The Hundred Videos

Steve Reinke

100 videos (black and white, color, and sound).
Runtime: 04:38:43
The Hundred Videos is a project undertaken by prolific video artist Steve Reinke, including 100 video works made from 1989-1996. Discussing death, sex, the body, philosophy, and contemporary art, The Hundred Videos defines a unique style of video-essay for the end of the 20th Century.


Made on a limited budget, Steve Reinke’s multiyear project The Hundred Videos, reflects a moment in the late 1980s when the declining costs of video production made it possible for young artists to work quickly and inexpensively in the medium. Instead of aiming to produce a single long-form masterpiece, Reinke used The Hundred Videos as a moving-image sketchbook, a space for experimentation across a series of short-form works. While the videos draw upon many sources—combining lo-fi original footage with archival, pop-cultural, and pornographic imagery—they are united by Reinke’s droll narration. His voice-overs offer observations and stories that are apparently unrelated to the images on screen, articulating the artist’s skepticism about the conventions of documentary filmmaking.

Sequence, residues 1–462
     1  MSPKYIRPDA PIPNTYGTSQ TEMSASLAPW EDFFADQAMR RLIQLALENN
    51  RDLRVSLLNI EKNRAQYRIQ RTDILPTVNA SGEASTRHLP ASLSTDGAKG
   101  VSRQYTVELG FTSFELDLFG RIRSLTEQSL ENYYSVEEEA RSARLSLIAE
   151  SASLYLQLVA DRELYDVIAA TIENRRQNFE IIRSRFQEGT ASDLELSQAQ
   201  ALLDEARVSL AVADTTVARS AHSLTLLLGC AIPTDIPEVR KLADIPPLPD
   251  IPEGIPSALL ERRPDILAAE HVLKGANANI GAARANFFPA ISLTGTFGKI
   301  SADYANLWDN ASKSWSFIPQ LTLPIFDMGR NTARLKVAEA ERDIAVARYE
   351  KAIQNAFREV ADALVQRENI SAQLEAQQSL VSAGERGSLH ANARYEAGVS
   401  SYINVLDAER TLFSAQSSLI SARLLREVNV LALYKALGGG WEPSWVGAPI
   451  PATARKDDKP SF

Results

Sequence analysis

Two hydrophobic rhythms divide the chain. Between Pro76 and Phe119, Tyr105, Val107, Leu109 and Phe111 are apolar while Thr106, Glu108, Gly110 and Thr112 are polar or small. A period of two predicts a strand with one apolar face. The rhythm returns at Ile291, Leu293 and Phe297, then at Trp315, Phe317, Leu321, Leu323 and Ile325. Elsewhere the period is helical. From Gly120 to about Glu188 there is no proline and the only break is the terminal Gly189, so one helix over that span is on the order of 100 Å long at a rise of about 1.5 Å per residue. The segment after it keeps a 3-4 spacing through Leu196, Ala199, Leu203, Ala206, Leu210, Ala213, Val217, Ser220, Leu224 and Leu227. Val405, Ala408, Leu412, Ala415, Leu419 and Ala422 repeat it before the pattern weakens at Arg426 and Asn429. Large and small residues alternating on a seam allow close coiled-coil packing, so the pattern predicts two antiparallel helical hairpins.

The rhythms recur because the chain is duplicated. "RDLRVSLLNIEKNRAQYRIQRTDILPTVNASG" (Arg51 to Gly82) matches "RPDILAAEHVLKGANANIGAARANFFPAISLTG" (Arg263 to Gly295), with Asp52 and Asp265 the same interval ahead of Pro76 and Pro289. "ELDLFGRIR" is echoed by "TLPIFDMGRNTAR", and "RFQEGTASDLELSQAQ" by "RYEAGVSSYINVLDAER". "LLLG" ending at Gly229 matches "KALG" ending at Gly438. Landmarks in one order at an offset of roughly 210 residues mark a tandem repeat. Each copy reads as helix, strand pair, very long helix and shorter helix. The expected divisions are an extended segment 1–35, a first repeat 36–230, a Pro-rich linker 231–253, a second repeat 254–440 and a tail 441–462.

In Excuse of the Real (1989)—the first of The Hundred Videos—Reinke ironically adopts the position of a mainstream documentary filmmaker making a film tracing the slow death of a person with AIDS. By 1989, the AIDS epidemic continued to reach new heights, with tens of thousands of infections and deaths in the United States alone. Reinke’s voice-over details his search for “a white, Anglophone homosexual male…under 30,” a subject whose age and race would ostensibly garner empathy from middle-class heterosexual audiences. By pointing toward the ways people with AIDS were often positioned as spectacles of hapless victimhood, Excuse of the Real offers a sharply satirical take on the politics of representation.

- Brandon EngMellon-Marron Research Consortium Fellow, Department of Media and Performance Art

full text here: MoMA Magazine

Accessed through Video Data Bank with funds provided by the Queer Curatorial Fund from the University of Wisconsin-Milwaukee’s Department of Film, Video, Animation and New Genres.

April 1, 2022
April 16, 2022